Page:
The success and struggle for indigenous rights in India

NGO worker Mari Marcel Thekaekara reports on how indigenous children have overcome the struggle for an education in India

Credit: ACCORD (Action for Community Organization, Rehabilitation, and Development

Congratulations and celebrations are in order. It's been a proud day for the indigenous Gudalur Adivasis of the Nilgiris in South India. Subin and Maya, two of our students, just graduated from a superb Bangalore university.

We consider them to be like our children, since they were born into the ACCORD family, an NGO started in 1985 for adivasi rights, health and education. Subin and Maya have now made it - graduating from a centre of excellence, The Azim Premji University. Not a sub-standard college, which is the fate of most under privileged Indian children. It's a bit like saying a non=English speaking kid from a poverty stricken UK council estate, made it to Oxford or Cambridge.

Subin said as much when I phoned him in faraway Assam. 'My parents were in the audience. I felt proud and happy. Compared to our classmates, we are from such a different background. But we made it.'

'What was the most important thing you learnt there?' I asked Subin. He said: 'Since I was a small child I've heard my parents talk about socially-driven health issues. 'Here I came to understand the theory behind it all, how drinking water is polluted by fertilisers and pesticides. How untreated waste is ruining our rivers.

'I've travelled really far from the Nilgiris to the North East, over 3000 kilometres by road. Here too I see pollution, in the cities not villages. So I hope by joining FES, (the foundation for ecological security) we can do something useful'.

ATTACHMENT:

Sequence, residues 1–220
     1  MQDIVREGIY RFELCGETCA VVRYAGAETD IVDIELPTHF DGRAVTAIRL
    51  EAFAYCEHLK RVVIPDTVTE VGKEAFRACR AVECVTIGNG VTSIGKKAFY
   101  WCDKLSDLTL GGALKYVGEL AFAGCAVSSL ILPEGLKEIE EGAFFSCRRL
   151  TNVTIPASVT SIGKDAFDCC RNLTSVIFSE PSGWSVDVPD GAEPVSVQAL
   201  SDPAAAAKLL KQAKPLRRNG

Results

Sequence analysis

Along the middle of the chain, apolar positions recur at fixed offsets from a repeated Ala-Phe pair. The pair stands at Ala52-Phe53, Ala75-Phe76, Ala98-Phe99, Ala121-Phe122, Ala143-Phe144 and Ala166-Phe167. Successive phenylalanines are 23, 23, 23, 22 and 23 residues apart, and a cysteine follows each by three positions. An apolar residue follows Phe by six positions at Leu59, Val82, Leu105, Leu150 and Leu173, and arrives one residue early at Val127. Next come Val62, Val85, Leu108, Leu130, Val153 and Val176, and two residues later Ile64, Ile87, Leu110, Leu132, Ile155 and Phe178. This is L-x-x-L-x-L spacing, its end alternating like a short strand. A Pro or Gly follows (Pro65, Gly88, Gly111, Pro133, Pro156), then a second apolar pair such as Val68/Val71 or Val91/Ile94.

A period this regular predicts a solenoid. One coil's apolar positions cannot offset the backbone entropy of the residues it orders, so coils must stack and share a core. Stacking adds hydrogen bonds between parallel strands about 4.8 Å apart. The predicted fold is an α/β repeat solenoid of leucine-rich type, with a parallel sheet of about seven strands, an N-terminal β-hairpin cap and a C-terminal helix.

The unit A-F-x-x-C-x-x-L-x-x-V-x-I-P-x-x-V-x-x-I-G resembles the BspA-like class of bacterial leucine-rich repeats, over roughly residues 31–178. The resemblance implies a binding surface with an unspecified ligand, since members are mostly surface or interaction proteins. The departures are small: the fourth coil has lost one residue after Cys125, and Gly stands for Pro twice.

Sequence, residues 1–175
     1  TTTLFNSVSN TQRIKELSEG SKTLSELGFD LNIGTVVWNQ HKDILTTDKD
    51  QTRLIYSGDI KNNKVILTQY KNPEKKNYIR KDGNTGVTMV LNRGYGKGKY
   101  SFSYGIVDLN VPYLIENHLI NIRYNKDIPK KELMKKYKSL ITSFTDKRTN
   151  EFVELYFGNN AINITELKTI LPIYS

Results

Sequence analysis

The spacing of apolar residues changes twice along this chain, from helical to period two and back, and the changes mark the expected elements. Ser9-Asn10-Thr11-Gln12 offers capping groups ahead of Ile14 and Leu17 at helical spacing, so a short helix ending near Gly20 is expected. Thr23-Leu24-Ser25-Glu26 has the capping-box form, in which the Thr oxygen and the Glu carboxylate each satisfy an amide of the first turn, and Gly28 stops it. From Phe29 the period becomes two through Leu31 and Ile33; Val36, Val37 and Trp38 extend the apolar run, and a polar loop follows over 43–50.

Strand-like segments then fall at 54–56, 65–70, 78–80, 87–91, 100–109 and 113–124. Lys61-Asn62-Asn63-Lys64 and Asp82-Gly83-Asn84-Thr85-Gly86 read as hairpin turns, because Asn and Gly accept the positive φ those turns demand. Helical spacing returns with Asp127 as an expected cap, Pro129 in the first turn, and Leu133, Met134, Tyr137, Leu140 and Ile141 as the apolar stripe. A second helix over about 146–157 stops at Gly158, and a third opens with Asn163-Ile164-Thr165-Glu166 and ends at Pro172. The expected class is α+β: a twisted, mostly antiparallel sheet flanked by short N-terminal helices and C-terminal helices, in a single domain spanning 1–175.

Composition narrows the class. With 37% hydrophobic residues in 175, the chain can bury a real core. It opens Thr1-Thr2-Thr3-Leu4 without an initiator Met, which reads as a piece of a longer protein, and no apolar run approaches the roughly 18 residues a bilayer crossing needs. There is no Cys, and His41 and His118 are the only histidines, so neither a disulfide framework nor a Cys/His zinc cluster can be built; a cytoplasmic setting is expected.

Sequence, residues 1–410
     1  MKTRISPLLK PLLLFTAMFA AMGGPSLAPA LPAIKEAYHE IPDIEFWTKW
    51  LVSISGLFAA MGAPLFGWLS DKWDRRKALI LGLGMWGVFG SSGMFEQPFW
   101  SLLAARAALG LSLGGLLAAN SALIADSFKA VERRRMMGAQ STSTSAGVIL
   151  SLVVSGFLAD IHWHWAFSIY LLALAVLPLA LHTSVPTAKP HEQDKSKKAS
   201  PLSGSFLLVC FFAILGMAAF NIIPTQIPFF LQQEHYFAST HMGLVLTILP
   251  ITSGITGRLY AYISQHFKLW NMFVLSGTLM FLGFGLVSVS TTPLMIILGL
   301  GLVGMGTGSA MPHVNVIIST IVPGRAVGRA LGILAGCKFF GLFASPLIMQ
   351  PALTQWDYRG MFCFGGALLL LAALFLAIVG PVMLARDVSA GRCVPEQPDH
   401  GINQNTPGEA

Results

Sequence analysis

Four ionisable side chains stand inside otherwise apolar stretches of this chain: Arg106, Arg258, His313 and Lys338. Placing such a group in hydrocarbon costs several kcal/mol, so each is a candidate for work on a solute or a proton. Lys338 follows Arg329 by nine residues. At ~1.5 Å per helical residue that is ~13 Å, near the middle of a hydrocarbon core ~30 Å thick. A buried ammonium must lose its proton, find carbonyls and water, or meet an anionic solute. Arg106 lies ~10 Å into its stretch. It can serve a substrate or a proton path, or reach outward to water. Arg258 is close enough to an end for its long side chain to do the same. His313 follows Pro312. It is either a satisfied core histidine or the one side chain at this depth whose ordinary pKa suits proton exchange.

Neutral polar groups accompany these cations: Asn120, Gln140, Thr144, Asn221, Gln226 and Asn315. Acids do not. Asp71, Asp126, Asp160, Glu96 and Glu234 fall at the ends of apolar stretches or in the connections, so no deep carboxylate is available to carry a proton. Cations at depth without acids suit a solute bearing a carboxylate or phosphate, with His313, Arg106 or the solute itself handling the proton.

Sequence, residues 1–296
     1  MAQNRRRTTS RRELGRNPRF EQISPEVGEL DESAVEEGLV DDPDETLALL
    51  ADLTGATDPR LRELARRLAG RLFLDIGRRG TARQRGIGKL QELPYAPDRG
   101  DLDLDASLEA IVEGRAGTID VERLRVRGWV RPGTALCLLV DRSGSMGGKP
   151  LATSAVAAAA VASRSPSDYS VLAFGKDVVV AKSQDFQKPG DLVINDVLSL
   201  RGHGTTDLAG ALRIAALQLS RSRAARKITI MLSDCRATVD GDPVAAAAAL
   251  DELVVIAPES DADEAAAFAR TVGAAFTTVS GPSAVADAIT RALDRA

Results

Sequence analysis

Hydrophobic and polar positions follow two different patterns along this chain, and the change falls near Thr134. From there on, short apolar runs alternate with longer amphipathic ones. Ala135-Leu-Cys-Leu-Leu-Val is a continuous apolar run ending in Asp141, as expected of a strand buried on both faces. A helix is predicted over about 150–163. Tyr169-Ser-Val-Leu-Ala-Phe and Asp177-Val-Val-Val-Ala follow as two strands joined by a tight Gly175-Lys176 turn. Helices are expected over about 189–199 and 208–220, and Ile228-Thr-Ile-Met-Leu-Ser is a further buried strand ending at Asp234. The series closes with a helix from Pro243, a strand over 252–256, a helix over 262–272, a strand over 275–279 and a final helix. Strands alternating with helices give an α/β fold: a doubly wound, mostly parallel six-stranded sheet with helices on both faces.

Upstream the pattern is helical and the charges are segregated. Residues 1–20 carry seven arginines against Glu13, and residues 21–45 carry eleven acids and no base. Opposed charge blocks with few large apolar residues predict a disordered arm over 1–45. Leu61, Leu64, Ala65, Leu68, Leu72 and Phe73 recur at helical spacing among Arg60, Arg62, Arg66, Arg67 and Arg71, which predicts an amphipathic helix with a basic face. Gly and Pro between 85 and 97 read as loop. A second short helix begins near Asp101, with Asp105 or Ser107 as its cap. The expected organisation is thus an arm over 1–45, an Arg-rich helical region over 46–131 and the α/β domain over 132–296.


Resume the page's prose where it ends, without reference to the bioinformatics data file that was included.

Rama Sastry and her husband Ramdas, founded the Vidyodaya school, a sister organization of ACCORD. We've worked as a family and all of us are bursting with pride. Rama, who taught both Subin and Maya, along with hundreds of other adivasi kids, said: 'I certainly feel proud they've got this far. But I'm even more thrilled that Subin and Maya are looking at alternatives, not just to earn a lot of money. Subin has gone a long way from home and Maya has opted to get a masters in development studies'.

'I'm proud of our other kids too,' Rama continued. 'Some are working on conservation issues. Others have returned to teach adivasi kids in our school , or work in the local hospital. So they've opted out of the mainstream really, to work for their own communities.'

Most people would be starstruck in the presence of Azim Premji, one of India's richest, but also most philanthropic men. Maya is no exception. 'I was thrilled to be standing on stage as he handed me my certificate, but couldn't say a word. But I realisedafter coming to the university, I stopped being shy. I became more confident and learnt a lot. I was studying biology but found the development course more interesting. We learnt about the Niyamgiri tribal struggle for land and I could relate this to my people’s struggles in Gudalur.'

'What about after your degree?' I asked. 'I think I might try for the civil service,' she said.

It was certainly one of those 'you've come a long way’ moments.

One of our major concerns is that with the dominant society closing in on adivasi communities, the melting pot effect makes kids lose their culture as they assimilate with the larger group. Even worse, many adivasi are often taunted by other kids and non-adivasi teachers. They are made to feel ashamed of their ancestors, traditions, forest dwelleing lifestyle and history.

This is one of the biggest challenges for indigenous and ethnic people the world around. But both Maya and Subin have been exposed to cultural studies in Vidyodaya. Certainly, their graduation from an important university is historic.

For the Gudalur family which extends all over the world, it's rewarding that decades of hard work from Vidyodaya has paid off. Something to shout about, for sure.